Shortage of eggs leads to price increase

 
Dr Charlotte Nkuna, Senior Executive of SA Poultry Association, writes:

The past year was a very challenging year for egg producers. The farmers saw
feed price increases with a minimum of R1 000 per tonne between January and
August 2016 due to the drought. At the same time, between January and April
2016, the egg prices dropped substantially as a result of excess eggs on the
market. It was very difficult for the farmers to cope with the high feed prices
and the low market prices for eggs. The farmers were unable to recover any of
the losses suffered as a result of the increases in the price of feed. This
hardship resulted in the exit of many of the small scale farmers, those with
between 5 000 and 40 000 hen capacity. Some of the farmers depleted their flocks
early, moving the average depletion age from 74.8 weeks in 2015 to 71.8 weeks in
2016. The above factors have resulted in a shortage of eggs. The consumers can
expect an increase in egg prices due to the shortage of eggs on the market. The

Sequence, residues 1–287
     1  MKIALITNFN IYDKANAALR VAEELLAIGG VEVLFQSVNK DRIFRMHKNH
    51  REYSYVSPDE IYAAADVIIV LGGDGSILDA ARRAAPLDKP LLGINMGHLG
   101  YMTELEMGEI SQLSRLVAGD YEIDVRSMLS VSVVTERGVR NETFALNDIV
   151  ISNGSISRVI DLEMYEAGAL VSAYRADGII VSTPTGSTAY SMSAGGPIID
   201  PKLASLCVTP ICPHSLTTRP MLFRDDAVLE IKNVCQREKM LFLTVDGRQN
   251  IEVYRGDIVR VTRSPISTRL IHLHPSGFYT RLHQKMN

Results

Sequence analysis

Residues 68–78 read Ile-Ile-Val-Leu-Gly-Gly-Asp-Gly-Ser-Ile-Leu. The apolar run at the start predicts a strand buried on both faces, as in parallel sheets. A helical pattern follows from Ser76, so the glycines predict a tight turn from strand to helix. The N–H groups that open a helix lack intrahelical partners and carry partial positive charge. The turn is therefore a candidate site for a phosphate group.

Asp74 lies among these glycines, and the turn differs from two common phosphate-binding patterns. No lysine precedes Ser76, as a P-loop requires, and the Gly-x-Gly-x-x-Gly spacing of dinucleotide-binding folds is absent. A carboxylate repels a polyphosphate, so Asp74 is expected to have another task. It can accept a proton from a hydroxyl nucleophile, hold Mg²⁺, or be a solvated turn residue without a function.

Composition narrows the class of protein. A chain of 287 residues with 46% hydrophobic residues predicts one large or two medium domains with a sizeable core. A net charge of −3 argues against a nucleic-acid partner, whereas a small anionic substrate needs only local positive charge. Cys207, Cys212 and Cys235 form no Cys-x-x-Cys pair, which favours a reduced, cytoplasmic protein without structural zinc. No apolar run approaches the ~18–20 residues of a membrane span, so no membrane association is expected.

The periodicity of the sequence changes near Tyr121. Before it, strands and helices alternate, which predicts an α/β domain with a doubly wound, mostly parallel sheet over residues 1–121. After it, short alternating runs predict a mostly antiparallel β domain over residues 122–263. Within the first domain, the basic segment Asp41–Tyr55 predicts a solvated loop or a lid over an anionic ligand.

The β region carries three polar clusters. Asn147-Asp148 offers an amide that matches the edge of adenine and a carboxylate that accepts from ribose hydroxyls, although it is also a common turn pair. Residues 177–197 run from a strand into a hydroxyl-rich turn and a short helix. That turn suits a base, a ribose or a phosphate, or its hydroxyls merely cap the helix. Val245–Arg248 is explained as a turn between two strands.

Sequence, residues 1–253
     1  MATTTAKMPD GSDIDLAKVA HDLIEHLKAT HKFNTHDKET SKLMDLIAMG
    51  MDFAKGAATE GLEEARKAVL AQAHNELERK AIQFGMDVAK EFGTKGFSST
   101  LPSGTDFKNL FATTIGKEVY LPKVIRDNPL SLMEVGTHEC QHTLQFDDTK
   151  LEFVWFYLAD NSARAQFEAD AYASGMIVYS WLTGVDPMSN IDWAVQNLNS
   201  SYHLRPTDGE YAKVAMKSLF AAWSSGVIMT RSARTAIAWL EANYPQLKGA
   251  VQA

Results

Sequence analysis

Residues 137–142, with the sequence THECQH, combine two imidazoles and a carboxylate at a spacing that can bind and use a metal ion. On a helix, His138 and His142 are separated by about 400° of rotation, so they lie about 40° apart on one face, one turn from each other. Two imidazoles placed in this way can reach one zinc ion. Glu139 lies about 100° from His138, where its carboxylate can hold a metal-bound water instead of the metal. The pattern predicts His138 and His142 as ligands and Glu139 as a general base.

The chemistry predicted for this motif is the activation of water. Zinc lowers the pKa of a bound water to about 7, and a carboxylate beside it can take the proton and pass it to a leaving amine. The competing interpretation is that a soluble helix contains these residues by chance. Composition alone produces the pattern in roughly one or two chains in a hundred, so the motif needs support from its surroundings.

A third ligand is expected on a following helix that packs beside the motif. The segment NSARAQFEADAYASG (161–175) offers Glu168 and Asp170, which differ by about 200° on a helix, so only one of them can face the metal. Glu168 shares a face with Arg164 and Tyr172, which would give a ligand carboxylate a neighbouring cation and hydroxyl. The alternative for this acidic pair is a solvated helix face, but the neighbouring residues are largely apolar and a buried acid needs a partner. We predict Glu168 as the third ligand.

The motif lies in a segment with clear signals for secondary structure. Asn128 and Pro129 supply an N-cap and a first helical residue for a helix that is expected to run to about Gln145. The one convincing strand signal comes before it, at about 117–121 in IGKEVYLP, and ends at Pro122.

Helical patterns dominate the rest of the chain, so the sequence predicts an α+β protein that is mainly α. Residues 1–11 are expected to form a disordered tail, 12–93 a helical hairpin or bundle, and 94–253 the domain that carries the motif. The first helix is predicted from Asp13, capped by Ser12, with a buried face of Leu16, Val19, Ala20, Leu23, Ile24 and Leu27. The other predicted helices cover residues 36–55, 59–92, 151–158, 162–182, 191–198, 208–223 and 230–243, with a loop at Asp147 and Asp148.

indications are that prices are likely to increase on average by about 7-8%.
This scenario is likely to persist while farmers attempt to increase their
production to meet the market demand.

In summary, reasons for the current trend include:

• Commercial egg producers have not been immune to the input cost pressures
endured by the broiler industry.

• As a result of extremely low profit margins, a number of producers have not
been able to replenish laying hens at the end of their productive cycle or have
had to cull early to raise funds so as to be able to meet commitments to
creditors.

• This is manifested in an acute shortage of eggs following an almost year long
decline in the size of the productive laying flock and associated numbers of
eggs produced.

Eggs remain the cheapest and most complete form of animal protein available and
as competing protein sources have increased in price, there has been a migration
to the consumption of eggs, exacerbating the increase in demand. The current
trend is not viewed as short term or seasonal but rather more medium term in
nature and should endure through to the latter part of 2017 at least.

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